Commemorative Exhibition at the Classic Boat Museum Gallery,

Columbine Road, East Cowes

8 June – 28 September 2013

Artwork from "River to Sea" book cover courtesy of Ray Wheeler

Artwork from “River to Sea” book cover courtesy of Ray Wheeler

Celebrating the 100th Anniversary of the first flight of the Sopwith Bat-Boat on the River Medina, the first successful British flying boat. 

Bat-Boat 100 Exhibition location

Bat-Boat 100 Exhibition Arrangements

The Bat-Boat 100 exhibition officially opened at 11am on Saturday 8 June 2013 at the Classic Boat Museum Gallery, Columbine Road, East Cowes, Isle of Wight, and will continue until Saturday 28 September 2013. Normal entry charge for the Classic Boat Museum Gallery will apply.

© Bob Wealthy - Solent Aeromarine Enterprises

© Bob Wealthy – Solent Aeromarine Enterprises

The Sopwith Bat-Boat

In March 1913 the Sopwith Bat-Boat made its first flight from the River Medina having been assembled and launched from Sam Saunders works, the “Folly Sheds” on the east bank of the River Medina south of the Folly Inn. The Sopwith Bat-Boat was designed by aviation pioneer T. O. M. Sopwith’s company Sopwith Aviation Ltd based at Kingston-upon-Thames.

The Bat-Boat gained its name from a mythical flying machine that was mentioned in one of Rudyard Kipling’s short stories. Its design featured a flying boat hull based on one of Sam Saunders’ light and powerful high speed boats and used his patented “Consuta” plywood type construction which gave excellent lightness and strength that suited an aircraft application. Sopwith Aviation Ltd was responsible for the overall design of the Bat-Boat and construction of the bi-plane wing and tail assembly.

The Sopwith Bat Boat 1A

The Bat-Boat prototype was flown by T. O. M. Sopwith around mid March, 1913, when he attained a surprising speed of 60mph on water. It is believed that a certain amount of damage occurred due to too rough a descent and when Sopwith’s chief test pilot Harry Hawker tried to fly the Bat-Boat he was unable to leave the water. After these first trials the Bat-Boat was left all night on the beach only to be wrecked in a gale. According to reports only the engine and propeller were left intact. By mid May a second Bat-Boat, built in a modified form, was on test and later on, with the addition of a set of wheels, the Bat-Boat became the first successful amphibious aircraft. In fact on 8 July 1913 the Bat-Boat, piloted by Harry Hawker, went on to win the Mortimer-Singer prize for making the required number of alightings on land and water in a specified time.  Interest was shown in the Bat-Boat by the Royal Naval Air Service and an example was delivered to the Calshot base for evaluation.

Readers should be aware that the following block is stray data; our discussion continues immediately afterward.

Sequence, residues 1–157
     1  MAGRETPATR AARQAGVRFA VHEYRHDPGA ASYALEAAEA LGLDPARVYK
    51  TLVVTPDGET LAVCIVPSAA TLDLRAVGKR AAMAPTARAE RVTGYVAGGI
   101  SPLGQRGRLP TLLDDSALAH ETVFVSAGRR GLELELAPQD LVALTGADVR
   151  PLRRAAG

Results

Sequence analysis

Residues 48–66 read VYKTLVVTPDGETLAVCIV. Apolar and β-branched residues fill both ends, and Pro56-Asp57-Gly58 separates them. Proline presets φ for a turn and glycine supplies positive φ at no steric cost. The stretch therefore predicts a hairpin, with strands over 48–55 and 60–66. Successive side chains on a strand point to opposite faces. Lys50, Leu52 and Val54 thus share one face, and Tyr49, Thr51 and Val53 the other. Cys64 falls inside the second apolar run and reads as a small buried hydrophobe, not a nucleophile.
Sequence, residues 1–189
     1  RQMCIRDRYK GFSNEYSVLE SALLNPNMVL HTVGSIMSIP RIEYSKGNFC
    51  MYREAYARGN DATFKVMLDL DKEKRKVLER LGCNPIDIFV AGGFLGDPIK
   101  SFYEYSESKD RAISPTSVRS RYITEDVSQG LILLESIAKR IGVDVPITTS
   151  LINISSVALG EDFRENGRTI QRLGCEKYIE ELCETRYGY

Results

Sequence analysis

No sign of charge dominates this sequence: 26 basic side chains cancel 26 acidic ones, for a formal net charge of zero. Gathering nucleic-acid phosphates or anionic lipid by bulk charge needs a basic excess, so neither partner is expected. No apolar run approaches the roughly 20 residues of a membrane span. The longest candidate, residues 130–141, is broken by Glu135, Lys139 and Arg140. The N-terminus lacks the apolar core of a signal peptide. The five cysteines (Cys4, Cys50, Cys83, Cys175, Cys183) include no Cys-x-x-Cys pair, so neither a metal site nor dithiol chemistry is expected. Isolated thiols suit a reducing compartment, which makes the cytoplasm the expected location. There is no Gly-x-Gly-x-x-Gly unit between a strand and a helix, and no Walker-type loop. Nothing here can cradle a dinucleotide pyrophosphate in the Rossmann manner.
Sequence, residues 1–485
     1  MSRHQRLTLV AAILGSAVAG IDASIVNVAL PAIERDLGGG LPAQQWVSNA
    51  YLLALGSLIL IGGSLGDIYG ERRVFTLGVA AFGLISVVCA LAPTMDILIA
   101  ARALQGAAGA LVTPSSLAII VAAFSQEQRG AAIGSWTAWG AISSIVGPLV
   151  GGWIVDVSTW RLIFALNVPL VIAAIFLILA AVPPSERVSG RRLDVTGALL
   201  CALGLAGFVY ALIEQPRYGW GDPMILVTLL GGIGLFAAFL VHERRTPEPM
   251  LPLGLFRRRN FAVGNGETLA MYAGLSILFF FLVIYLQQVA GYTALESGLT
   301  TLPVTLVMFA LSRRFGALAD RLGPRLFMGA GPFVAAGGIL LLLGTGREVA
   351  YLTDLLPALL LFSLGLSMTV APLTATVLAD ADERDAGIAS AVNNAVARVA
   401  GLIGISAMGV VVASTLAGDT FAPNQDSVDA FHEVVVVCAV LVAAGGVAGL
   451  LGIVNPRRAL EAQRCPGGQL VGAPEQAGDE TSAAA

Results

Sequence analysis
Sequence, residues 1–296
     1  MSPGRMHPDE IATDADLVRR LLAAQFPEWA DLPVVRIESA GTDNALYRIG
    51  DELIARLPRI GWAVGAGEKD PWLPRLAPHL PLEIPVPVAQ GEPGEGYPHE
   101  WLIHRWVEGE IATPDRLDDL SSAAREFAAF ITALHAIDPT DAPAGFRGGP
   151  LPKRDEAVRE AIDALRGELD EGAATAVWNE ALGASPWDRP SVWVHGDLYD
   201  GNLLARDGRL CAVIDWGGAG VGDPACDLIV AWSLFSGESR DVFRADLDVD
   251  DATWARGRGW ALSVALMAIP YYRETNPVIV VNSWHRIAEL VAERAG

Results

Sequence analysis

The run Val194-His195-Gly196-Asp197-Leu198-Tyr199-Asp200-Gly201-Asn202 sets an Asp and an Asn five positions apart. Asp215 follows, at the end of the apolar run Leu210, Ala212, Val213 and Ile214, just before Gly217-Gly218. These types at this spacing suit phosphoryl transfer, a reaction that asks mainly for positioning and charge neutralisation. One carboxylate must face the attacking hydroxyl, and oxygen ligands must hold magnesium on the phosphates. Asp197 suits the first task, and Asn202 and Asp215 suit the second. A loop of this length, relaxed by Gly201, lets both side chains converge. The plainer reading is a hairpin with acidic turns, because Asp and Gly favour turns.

In summary the significance of the Sopwith Bat-Boat relates to the following facts:

  • It was the first successful flying boat built in Britain;
  • It marked the entry of Sam Saunders into the aviation business;
  • In amphibious form it won the Mortimer – Singer prize for an aircraft able to operate from land and water;
  • It became the first aircraft type to enter service with the Royal Naval air Service at Calshot;
  • It ushered in the flying boat era which was to last through to the design, construction and flight testing of the Saunders-Roe Princess flying boat some 40 years on in 1952/53
© Bob Wealthy - Solent Aeromarine Enterprises

© Bob Wealthy – Solent Aeromarine Enterprises

During the First World War Saunders built several different types of aircraft such as the Avro 504, the Short 184 seaplane and Felixstowe flying boats. An aircraft design department was set up around 1917.

Later in the 1920s after experiencing difficult trading conditions the Saunders company was acquired by aviation pioneer Alliot Verdon Roe, founder of the famous AVRO company. As a result of this acquisition the new company was named Saunders-Roe and used the SARO trademark name for its products. The company concentrated on producing a range of flying boats and over the years gained a reputation for high quality and innovative products, although not always generating the required financial returns expected.

At Kingston-upon-Thames the Sopwith Aviation Company expanded rapidly and produced large numbers of aircraft during World War 1. At the end of the war aircraft production slumped and Sopwith Aviation became the main part of the Hawker Aircraft Company set up by Sopwith’s Chief Test Pilot Harry Hawker.

Large Scale Bat-Boat Model for Bat-Boat 100

bbmBat-Boat 100 Donation Appeal

An appeal for donations to help fund the large scale and highly detailed Bat-Boat model is now underway. For a minimum £50 donation donors will receive a Bat-Boat 100 donation package consisting of:

  • An A3 size print, suitable for framing, of a specially commissioned Bat-Boat 100 artwork by renowned Island artist Ivan Berryman;
  • A copy of the Bat-Boat 100 commemorative booklet;
  • A copy of the Bat-Boat 100 exhibition guide;
  • An invitation for the donor and a guest to attend the official opening of the Bat-Boat 100 exhibition at the Classic Boat Museum Gallery at 11.00 on 8 June 2013;
  • Acknowledgement of the donor’s name/organisation on the Bat-Boat 100 “Roll of Honour”, subject to each donor’s authorisation.

If you wish to make a donation or need further information then please contact the Bat-Boat 100 project office by telephone on 01329 315561, by e mail at or by post to:

Bat-Boat 100 Project, c/o 7, William Close, FAREHAM, Hampshire, PO14 2PQ.

Donations by cheque please, payable to “Solent Aeromarine Enterprises”

Global Aviation Resource extends thanks to Bob Wealthy for making us aware of this project.